Civic Artifact Essay Rough Draft

Civic Artifact Rhetorical Analysis Essay

(Rough Draft):


The intricate costumes, haunting melodies, spectacular choreography, riveting dialogue, earth-rocking vocals, and valuable stories that together constitute the civic artifact of musical theatre create one of the greatest tools of civic engagement whose subliminal function of societal contribution often goes unrecognized in contemporary time. Once the curtain falls, however, and the starkness of reality sinks in, people are no longer seduced by the mere external attractiveness of the musical theatre experience.

Thesis: Once people take the time to look deeper into the minute aspects of a given musical, there is substantial evidence that this musical, whatever it may be, has several underlying purposes that contribute significantly to society.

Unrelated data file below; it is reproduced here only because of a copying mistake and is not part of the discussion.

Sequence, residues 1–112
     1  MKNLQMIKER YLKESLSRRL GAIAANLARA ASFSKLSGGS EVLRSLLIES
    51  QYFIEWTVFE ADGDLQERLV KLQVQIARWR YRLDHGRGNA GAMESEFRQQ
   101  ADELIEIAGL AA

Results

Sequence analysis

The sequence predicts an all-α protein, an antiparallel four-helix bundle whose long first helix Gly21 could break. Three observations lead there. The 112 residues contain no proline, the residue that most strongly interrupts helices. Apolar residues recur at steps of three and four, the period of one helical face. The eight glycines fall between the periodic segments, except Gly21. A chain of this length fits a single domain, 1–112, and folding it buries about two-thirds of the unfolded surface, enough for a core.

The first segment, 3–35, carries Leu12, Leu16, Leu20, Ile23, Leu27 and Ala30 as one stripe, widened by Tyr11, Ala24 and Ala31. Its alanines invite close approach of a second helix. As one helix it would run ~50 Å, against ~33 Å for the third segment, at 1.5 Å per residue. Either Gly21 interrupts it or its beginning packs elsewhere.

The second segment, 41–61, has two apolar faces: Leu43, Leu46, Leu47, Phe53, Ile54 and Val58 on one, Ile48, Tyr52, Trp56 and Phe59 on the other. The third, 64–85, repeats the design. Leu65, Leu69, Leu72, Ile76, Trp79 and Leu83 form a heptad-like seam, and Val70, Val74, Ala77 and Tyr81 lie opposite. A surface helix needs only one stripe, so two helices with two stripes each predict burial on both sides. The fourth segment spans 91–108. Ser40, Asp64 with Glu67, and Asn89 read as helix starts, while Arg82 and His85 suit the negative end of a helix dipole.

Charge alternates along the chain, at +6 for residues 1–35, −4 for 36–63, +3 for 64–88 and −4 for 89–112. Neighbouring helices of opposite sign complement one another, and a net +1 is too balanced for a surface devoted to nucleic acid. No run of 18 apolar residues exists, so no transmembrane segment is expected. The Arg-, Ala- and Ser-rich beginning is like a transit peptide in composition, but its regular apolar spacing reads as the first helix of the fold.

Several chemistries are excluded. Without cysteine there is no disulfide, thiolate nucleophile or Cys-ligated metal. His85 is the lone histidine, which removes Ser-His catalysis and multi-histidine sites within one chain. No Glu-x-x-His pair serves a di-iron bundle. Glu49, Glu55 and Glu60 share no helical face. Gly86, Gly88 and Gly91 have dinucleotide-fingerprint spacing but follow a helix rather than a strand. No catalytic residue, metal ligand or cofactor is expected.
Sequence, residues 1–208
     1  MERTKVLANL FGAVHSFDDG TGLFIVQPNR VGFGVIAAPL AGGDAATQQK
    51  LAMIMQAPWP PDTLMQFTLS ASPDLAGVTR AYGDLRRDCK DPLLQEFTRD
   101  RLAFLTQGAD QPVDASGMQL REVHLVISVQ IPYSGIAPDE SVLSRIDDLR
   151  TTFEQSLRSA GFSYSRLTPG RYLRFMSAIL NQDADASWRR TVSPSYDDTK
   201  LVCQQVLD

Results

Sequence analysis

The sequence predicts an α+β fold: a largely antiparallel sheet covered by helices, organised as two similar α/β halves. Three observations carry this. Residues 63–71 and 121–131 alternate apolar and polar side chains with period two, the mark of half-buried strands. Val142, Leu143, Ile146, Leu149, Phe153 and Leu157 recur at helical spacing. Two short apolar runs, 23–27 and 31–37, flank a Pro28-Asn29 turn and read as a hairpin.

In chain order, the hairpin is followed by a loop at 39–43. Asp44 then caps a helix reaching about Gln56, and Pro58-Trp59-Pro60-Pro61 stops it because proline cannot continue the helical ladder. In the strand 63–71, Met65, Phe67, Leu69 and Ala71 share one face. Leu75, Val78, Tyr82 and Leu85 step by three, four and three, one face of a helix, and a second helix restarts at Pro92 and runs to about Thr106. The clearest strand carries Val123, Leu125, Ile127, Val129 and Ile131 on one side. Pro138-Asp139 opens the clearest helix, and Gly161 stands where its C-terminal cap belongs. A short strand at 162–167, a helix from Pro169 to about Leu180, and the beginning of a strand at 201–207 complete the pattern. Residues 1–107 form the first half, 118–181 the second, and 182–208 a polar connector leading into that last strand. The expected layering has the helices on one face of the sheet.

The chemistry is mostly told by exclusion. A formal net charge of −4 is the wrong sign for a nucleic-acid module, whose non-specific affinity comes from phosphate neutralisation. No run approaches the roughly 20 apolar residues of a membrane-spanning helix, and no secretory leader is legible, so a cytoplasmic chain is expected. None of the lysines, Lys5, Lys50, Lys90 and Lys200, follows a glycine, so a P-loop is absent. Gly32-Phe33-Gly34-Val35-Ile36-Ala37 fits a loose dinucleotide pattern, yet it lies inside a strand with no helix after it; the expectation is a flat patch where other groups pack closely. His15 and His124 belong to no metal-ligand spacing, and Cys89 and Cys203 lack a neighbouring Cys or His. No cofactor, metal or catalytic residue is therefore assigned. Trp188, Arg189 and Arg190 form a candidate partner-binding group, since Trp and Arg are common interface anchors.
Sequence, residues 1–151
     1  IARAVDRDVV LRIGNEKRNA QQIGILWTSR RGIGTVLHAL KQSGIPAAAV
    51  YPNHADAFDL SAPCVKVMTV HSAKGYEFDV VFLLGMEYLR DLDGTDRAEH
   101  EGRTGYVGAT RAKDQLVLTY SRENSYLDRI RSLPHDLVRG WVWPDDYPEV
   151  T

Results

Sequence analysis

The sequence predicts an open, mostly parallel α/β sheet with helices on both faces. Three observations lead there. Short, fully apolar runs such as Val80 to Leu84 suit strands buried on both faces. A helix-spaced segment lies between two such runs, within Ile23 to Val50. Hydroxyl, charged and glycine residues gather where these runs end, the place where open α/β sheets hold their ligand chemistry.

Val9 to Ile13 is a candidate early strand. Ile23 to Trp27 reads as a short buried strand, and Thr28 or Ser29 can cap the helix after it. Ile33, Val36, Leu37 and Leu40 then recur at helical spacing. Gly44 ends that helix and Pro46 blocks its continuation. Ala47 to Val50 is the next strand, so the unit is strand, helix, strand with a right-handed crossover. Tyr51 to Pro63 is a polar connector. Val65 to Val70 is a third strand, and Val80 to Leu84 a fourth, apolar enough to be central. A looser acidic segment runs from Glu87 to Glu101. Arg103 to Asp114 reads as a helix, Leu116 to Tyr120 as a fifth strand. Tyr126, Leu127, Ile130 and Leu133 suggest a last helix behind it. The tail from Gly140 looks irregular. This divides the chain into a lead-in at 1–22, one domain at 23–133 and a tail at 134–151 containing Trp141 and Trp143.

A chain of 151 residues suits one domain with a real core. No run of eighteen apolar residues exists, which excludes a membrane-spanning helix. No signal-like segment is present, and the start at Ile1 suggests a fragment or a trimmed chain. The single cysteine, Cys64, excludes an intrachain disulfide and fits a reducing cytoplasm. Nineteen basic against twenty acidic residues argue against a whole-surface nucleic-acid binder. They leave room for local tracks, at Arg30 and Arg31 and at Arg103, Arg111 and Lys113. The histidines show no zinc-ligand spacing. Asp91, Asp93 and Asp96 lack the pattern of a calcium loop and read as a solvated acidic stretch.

• Communication

Throughout the course of civilization, communication has been one aspect of civic engagement that has remained essential to daily life. The messages that are conveyed between individuals vary, just as the methods of communication used to spread the messages have evolved to reflect societal trends and the integration of new technology into common communication techniques. One such method of communication that has stood the test of time, although often underestimated, is musical theatre.

  • Ancient times – music was a form of expression

[Research about history? Citations?]

  • Express certain ideas or feelings about a topic